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USDA stance on GM alfalfa threatens “fabric of organic industry”
A draft environmental impact study (EIS) on genetically modified Roundup Ready alfalfa released by the US Department of Agriculture ignores the threat of GMO contamination on organic and non-GMO farming and says organic consumers don’t care about GMO contamination.
Dismisses significance of GMO contamination
USDA’s Animal and Plant Health Inspection Service (APHIS) released its draft EIS on December 14, 2009, and the Center for Food Safety (CFS) says the document dismisses the significance of widespread contamination of organic and non-GMO alfalfa. A CFS statement says, “It is evident that the USDA has not taken the concerns of non-GMO alfalfa farmers or organic dairy farmers into consideration whatsoever.”
CFS analysis of key findings of the EIS is listed below:
The EIS dismisses the significant adverse economic effects that GMO contamination will have on organic and non-GMO conventional alfalfa seed or hay growers, and organic and conventional dairy producers that rely upon organic and non-GMO alfalfa hay for forage.
The EIS’s economic analysis admits that Roundup Ready GM alfalfa will hurt the organic industry and small farmers but it fails to analyze or suggest any possible protections for organic.The EIS says there is no evidence that organic consumers care about GE contamination.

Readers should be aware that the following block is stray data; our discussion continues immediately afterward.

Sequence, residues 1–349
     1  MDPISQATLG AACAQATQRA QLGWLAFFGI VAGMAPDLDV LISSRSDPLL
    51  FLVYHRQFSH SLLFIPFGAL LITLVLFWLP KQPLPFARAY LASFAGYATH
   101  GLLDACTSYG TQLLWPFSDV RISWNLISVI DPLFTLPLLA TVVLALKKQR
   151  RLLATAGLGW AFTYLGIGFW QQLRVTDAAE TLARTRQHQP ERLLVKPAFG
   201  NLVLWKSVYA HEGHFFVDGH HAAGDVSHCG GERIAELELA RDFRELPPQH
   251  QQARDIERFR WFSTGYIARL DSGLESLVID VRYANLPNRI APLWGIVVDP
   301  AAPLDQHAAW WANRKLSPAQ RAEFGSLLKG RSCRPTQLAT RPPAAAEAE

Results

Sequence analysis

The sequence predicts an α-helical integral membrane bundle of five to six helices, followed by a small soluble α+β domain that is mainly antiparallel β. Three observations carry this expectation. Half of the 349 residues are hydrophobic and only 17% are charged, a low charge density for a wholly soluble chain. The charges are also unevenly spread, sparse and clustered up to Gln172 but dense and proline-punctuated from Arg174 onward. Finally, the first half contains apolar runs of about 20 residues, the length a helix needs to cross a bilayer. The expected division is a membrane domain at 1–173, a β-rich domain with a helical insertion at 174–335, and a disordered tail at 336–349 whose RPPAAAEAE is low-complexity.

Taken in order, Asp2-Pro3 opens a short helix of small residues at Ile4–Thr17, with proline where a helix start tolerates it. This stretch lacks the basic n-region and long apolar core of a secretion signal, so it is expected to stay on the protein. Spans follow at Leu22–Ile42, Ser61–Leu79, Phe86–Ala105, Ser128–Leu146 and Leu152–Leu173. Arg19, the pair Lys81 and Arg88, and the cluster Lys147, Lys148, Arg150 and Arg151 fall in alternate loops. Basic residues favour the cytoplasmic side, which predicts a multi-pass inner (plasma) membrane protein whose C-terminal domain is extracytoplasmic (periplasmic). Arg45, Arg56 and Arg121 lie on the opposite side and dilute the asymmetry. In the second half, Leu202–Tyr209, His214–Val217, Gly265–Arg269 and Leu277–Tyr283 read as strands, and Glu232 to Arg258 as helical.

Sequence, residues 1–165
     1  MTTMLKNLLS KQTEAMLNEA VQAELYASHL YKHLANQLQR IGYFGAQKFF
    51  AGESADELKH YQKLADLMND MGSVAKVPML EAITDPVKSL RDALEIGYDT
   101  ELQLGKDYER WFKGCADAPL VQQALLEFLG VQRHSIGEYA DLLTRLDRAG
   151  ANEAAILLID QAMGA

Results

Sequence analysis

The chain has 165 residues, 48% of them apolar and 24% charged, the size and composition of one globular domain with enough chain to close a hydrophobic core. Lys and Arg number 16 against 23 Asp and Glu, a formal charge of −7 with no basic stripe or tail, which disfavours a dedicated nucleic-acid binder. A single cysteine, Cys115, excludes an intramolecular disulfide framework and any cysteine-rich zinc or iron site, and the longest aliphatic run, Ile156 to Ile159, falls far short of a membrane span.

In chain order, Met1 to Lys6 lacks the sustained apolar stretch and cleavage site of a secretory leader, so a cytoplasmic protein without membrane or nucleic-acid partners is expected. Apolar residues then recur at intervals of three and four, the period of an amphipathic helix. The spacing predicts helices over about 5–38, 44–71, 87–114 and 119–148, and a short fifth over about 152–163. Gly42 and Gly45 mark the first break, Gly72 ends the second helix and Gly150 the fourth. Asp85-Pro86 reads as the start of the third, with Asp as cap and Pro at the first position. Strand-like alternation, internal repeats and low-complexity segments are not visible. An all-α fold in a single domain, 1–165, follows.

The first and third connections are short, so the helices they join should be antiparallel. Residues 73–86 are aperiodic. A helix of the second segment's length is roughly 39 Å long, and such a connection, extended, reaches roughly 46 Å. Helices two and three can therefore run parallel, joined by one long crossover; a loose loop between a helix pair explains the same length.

The last point is especially ludicrous, says George Kimbrell, CFS staff attorney. “When the initial National Organic Program rule was published, the USDA received 275,000 public comments from people demanding that genetic engineering be excluded from organic food. This is evidence that people do care about GE contamination.”
“Business as usual”
In 2006, CFS sued the USDA for its illegal approval of Monsanto Company’s GM Roundup Ready alfalfa because the agency failed to conduct the National Environmental Policy Act-mandated EIS before deregulating the crop. In February 2007, the US District Court for the Northern District of California sided with CFS and banned GM alfalfa. The court ordered USDA to go back and do what it should have done in the first place—evaluate the environmental and economic impacts of GM alfalfa on the environment, farmers, and the public.
APHIS’s draft EIS gives a green light to allow unlimited, nation-wide commercial planting of GM alfalfa. The draft EIS states that GM alfalfa, which is resistant to Monsanto’s Roundup herbicide, is “unlikely to pose plant pest risks and will not result in significant impacts to the human environment.” However, CFS says, “USDA plans to move ahead despite increasing evidence that GM alfalfa will threaten the rights of farmers and consumers, as well as damage the environment.”
“USDA’s announcement is simply business as usual, once again catering to Monsanto’s corporate interests at the expense of farmers and consumers,” stated Andrew Kimbrell, executive director of the Center for Food Safety.
Alfalfa is grown on over 21 million acres, and is worth $8 billion per year (not including the value of final products, such as dairy), making it the country’s third most valuable and fourth most widely grown crop. Alfalfa is primarily used in feed for dairy cows and beef cattle, and also contributes to pork, lamb, sheep, and honey production. Consumers also eat alfalfa sprouts.
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